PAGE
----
The life and times of Tragicomix.

Tuesday, July 05, 2005

One of my friends recently took up Singaporean citizenship. Aforementioned friend claimed it would be easier to go to the US on H1B if one is a Singaporean. Other arguements included annulling of the Bond (otherwise known as leash/slave tag), I found an interesting Singaporean take on immigration. The whole idea appalled me. Is citizenship merely a matter of opportunistic barter ? Is it all about a machiovellian manipulation of immigration systems ? What constitutes a better life and greater opportunity? The friend casually dismissed the concept of nationality as a tribal atavism. In an era of global citizens, nations are but a baggage. The whole conversation left me shaken. Have emotions and patriotism been conquered by cold hard logic ?
What is the one's alleigance to one's nation ?


Blogger nmk said...


Why does one have to have an Indian passport to be patriotic to India? If patriotism is a sense of belonging and a sense of identity whats wrong with blending it with opportunism and becoming a citizen of another country.

Think about it. An indian decides to take Singaporean citizenship and then move to the US to work. Whats wrong with that? In an ideal world we would have our talents and abilities and go where we want using those. However if I am the same person but carrying an Indian passport I am an unwanted potential immigrant, with a Singaporean passport I would just be a guy coming to work.

3:36 PM

Anonymous viv said...

I think citizenship is the most basic sign of patriotism... What is patriotism if not an unexplainable reason for you to support all things Indian (or whatever else your nationality might be)? If it has it's disadvantages, so be it... that's part and parcel of patriotism.

Trust me... there are times when you think Aussie cricket supporters have a much better time than Indians... but still we hope and pray that India wins... and when we lose, we try again!

10:50 AM

Anonymous divya said...


The thought of "patriotic and not a citizen" smacks of irresponsibility towards owning your nation. What kind of person would be "patriotic" but not take up citizenship? Then why claim to be patriotic at all?

It isn't like it is bad not to be patriotic, but dont attempt to mask it by simply "rooting" and using passionate words while your actions on the ground dont match any of those.

5:41 PM

Blogger Drops Of Jupiter said...

Personally, I am pretty strict about this citizenship thing. Its bad enough we bastardized NRIs introduce ourselves as "Oh, I am Indian, I studied in Singapore, now I work in Timbuctoo" ...If you change citizenship,its gonna be"Oh, I used to be I am a Singaporean with a P.I.O card..."Its so opportunistic to change citizenship,the motive is driven by the incentives...Isnt it bad enough that we are contributing our intelligence to the economies of other nations? Do we have to wear their brand as well?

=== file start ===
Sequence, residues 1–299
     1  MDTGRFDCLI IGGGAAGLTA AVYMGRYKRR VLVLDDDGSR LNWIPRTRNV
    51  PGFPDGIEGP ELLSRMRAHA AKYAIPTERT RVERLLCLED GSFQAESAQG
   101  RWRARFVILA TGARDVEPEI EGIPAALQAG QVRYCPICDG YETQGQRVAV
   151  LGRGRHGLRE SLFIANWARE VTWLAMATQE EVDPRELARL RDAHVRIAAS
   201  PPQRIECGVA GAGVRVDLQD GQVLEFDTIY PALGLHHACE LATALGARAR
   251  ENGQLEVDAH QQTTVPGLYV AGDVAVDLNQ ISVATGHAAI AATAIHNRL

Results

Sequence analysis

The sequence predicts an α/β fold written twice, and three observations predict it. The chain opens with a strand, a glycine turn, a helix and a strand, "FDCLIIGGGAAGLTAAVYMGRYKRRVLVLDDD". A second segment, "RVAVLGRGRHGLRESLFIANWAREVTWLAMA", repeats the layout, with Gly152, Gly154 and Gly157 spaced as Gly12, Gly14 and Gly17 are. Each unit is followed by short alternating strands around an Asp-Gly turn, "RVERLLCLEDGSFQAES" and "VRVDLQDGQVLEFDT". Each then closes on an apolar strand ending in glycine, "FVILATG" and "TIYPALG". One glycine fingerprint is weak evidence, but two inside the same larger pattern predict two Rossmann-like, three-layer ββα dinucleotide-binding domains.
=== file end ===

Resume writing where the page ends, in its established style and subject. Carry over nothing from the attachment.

2:36 PM

Blogger Lehmunade said...

What a load of nonsense.

You take up citizenship of a country if you want to. That does not mean you dont love your country of origin.

I think the word 'patriotic' has been romanticised a li'l too much in Bollywood. Patriotism simply means being able to respect your country, and maybe adopting some of its ideas. Any country that says taking up another citizenship is betrayal is not worth being a part of.

2:12 PM

Blogger Casablanca said...

"Patriotism simply means being able to respect your country, and maybe adopting some of its ideas."

Oh really?? Yes I respect Australia because they play good cricket. I also dont mind adopting their idea of saying Mate for everything... So is that wat constitutes patriotism??

Atleast the guy who has taken Singapore citizenship had the guts to do that. The ones who claim to be patriotic, yet cant wait to jump boats are seriously irritating.

5:08 PM

Blogger nmk said...

Coming back to this discussion after a long while.

Let me ask a simple question. We all claim to be patriotic Indians. Other than hold an Indian Passport and donate to Tsunami relief, what have we done for India?

If we want to do something for India, does having a Singaporean / Aussie or US passport prevent us from doing so. Why must patriotism be defined by the passport you hold rather than your thoughts or deeds.

Lastly, this whole concept of you are a citizen of this country and hold its passport is a recent historical concept which gained wide spread acceptance after World War 1.

Before that your nationality and identity did not always have to match. You could be an Irishman in the US and call yourself Irish first and American next (as was usually a case with the irish immigrants to the US).

12:23 AM


Post a Comment

<< Home